THE EYE starts the day with a brisk walk along the High Line, the historic freight line transformed into a public park with grasses, shrubs and trees and a marvellous panorama of New York. The grittiness of the New York skyline in a meadow is very uplifting and other people – tourists, families out for a stroll, runners and joggers clearly feel the same way. Everyone looks happy. No loud music or mess.
I get off at 23rd Street and make my way to a new design gallery, Chamber, exhibiting a collection of limited edition work which will rotate over the next two years selected and curated by design duo Studio Job.
Then to Friedman Benda, an excellent well-established gallery for art and design that has exhibited people such as Ron Arad, Joris Laarman, Paul Cocksedge and numerous others. High quality and very serious.
Next stop the Gagosian Gallery to see PICASSO & THE CAMERA curated by John Richardson.
Entering the large rectangular gallery was awesome but quite intimidating to see a ‘welcoming committee’ of a dozen unsmiling and immobile black suited guards more suited to Homeland Security than an art gallery standing with their backs against the walls. The exhibition, however, is extraordinary and probably could only have been conceived by Richardson with his unique first hand encyclopaedic knowledge of Picasso – man, life, work, family, friends……all so quirkily recorded in the photographs (for the most part ‘snaps’) that clearly fascinated and inspired him throughout his life. The connexions (whether small details, images of works in progress, or broad concepts) between the photographs and the works on show – sometimes subtle, sometimes blindingly obvious – made me feel like a participant in a treasure hunt. Picasso apparently used the photos and home movies as ‘aides-memoire’ to help him record the progress of his work and the various women in his life, his surroundings and not least – himself. Many were of his first wife, Olga Khokhalova, a famous Russian ballet dancer who injured herself just before their marriage and never danced again. She always travelled with her tutus and ballet slippers and there are photos of her posing in full ballet stage gear. Very touching.
Sadly the high surveillance ambience spoilt THE EYE‘s experience. Blank, expressionless faces (more like masks) silently observing every move (no photography, no handbags). I am pretty sure if the great man himself (Pablo, not Larry) had walked in and seen visitors creeping round talking in timid hushed tones, he would have taken off his clothes, done a handstand and injected some energy into the place. As for the receptionists – no smile, no words of greeting and certainly no eye contact. Not totally true. I did overhear a couple of them discussing an Italian restaurant they had been to the previous evening.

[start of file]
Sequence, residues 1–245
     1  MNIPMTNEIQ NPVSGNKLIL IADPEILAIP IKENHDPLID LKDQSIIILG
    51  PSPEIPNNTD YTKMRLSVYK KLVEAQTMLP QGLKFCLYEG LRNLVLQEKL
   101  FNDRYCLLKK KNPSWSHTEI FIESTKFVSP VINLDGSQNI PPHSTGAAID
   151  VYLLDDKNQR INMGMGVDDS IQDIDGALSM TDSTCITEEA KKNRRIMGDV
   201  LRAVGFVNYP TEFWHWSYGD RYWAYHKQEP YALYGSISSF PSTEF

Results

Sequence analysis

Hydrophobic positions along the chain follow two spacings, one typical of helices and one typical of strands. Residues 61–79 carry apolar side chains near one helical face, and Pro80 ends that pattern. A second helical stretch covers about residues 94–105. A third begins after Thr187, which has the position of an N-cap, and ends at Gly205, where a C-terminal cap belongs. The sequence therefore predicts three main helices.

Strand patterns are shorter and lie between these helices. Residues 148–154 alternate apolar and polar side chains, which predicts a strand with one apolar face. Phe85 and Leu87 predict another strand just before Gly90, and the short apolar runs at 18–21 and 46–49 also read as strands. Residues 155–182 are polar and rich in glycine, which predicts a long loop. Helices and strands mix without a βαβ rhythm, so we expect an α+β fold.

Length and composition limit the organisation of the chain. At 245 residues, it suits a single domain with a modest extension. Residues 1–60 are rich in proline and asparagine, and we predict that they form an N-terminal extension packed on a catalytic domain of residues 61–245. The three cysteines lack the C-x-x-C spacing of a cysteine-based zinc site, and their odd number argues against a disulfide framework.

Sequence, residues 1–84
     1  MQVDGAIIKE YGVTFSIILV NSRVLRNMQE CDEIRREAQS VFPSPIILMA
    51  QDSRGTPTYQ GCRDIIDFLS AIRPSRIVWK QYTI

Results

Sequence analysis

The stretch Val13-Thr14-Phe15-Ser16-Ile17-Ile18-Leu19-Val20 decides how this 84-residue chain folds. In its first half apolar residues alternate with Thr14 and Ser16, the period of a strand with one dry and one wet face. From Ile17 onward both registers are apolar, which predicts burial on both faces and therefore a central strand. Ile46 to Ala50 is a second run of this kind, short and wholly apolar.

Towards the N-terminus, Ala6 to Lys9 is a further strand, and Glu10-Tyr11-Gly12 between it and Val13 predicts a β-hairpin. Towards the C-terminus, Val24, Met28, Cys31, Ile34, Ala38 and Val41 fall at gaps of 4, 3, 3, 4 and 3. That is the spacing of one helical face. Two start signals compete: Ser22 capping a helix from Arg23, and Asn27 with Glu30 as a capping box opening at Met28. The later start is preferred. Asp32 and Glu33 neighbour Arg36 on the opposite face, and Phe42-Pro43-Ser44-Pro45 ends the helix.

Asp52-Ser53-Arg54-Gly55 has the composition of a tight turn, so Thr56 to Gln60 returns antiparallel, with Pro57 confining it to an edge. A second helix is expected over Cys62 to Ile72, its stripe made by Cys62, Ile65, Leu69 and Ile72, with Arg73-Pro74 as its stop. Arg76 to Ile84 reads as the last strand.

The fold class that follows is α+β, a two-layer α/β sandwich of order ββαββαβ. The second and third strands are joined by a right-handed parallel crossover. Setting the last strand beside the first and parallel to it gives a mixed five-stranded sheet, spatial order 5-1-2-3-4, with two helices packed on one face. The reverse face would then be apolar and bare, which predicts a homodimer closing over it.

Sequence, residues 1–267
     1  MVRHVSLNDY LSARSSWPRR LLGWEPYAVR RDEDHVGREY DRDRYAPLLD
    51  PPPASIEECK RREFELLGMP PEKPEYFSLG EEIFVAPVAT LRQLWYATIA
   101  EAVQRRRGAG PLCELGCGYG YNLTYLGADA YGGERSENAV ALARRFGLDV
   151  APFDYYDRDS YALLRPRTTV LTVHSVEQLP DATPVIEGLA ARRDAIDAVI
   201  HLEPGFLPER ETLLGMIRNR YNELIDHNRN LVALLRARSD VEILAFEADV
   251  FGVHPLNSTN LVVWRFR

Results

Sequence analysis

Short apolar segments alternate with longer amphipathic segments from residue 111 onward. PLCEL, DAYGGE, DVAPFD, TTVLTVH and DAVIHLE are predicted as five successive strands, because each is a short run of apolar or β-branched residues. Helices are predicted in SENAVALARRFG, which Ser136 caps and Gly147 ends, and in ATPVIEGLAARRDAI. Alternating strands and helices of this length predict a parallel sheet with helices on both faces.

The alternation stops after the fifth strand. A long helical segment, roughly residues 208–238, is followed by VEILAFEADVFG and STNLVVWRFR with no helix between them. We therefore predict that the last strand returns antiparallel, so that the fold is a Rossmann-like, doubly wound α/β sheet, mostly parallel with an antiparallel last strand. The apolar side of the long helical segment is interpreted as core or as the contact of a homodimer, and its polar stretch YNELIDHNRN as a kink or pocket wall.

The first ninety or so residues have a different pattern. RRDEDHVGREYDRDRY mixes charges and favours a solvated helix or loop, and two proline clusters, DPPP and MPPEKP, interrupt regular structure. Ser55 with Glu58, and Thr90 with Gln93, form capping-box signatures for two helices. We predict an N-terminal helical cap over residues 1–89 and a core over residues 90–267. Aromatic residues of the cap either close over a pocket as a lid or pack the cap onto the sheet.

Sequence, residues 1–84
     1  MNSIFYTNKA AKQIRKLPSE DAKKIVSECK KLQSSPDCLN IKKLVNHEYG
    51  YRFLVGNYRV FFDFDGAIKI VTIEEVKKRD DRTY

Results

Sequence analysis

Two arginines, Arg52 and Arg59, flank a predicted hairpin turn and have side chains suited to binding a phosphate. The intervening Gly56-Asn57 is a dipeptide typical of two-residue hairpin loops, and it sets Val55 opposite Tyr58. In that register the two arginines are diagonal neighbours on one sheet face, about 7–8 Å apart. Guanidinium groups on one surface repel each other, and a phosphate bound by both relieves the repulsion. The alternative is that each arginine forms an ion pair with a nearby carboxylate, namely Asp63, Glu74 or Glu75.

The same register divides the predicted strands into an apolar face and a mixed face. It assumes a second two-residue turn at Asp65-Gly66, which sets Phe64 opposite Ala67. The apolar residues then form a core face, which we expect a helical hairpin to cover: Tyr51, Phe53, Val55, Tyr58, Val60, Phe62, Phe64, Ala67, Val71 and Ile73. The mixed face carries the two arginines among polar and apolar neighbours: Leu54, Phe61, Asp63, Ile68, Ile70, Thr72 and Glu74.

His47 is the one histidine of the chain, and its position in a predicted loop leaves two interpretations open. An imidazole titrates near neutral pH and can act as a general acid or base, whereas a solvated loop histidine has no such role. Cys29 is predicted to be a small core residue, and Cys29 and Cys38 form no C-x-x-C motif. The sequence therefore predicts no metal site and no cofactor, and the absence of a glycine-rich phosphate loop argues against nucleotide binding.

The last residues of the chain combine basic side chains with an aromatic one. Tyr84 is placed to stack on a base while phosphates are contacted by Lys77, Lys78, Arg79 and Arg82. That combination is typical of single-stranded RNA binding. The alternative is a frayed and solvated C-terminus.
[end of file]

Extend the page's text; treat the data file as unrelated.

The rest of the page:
By contrast The Met was a welcome blast of fresh air. Visitors actually enjoying themselves, (isn’t that the point of art?)
A really coherent exhibition of Leonard Lauder’s great cubist collection, gifted to the Metropolitan Museum, and the kind THE EYE enjoys – coming out better informed than when she went in.
More wonderful Picassos, Legers, Braques and Juan Gris. Not just wonderful – exceptional! Major works by these artists, with insightful, clearly written wall texts.
For example in 1909 Picasso recalled ‘almost every evening either I went to Braque’s studio or he came to mine. Each of us HAD to see what the other had done during the day’. I doubt this is the style of artists today. Also fascinating was the influence and involvement of the legendary dealer Kahnweiler who supported several of them financially (Juan Gris in particular) allowing them freedom to work without financial worries.
I could wander round the Met for hours but the section I most love is The American Wing with the glorious Tiffany Fountain, a part donation by Lillian Nassau, a great character and the first dealer to discover Tiffany. I met Lillian many years ago and we became great friends. She enjoyed nothing better than a good gossip and ‘dishing the dirt’ particularly about anyone she considered a competitor. Shrewd and smart as a whip till she died well into her ‘90’s.
I was thrilled to see America Today, a now permanent exhibition of murals painted in the 1930’s by Thomas Hart Benton.
I think he is a combination of Norman Rockwell and Stanley Spencer. Many disagree and find his painting style ‘so-so’ although appreciating his astute social commentary of the times. The loucheness, industry, financial insecurity. I really like his style – but, true of everything, it’s all a matter of taste.
Sadly, THE EYE ran out of time, and out into the cold again.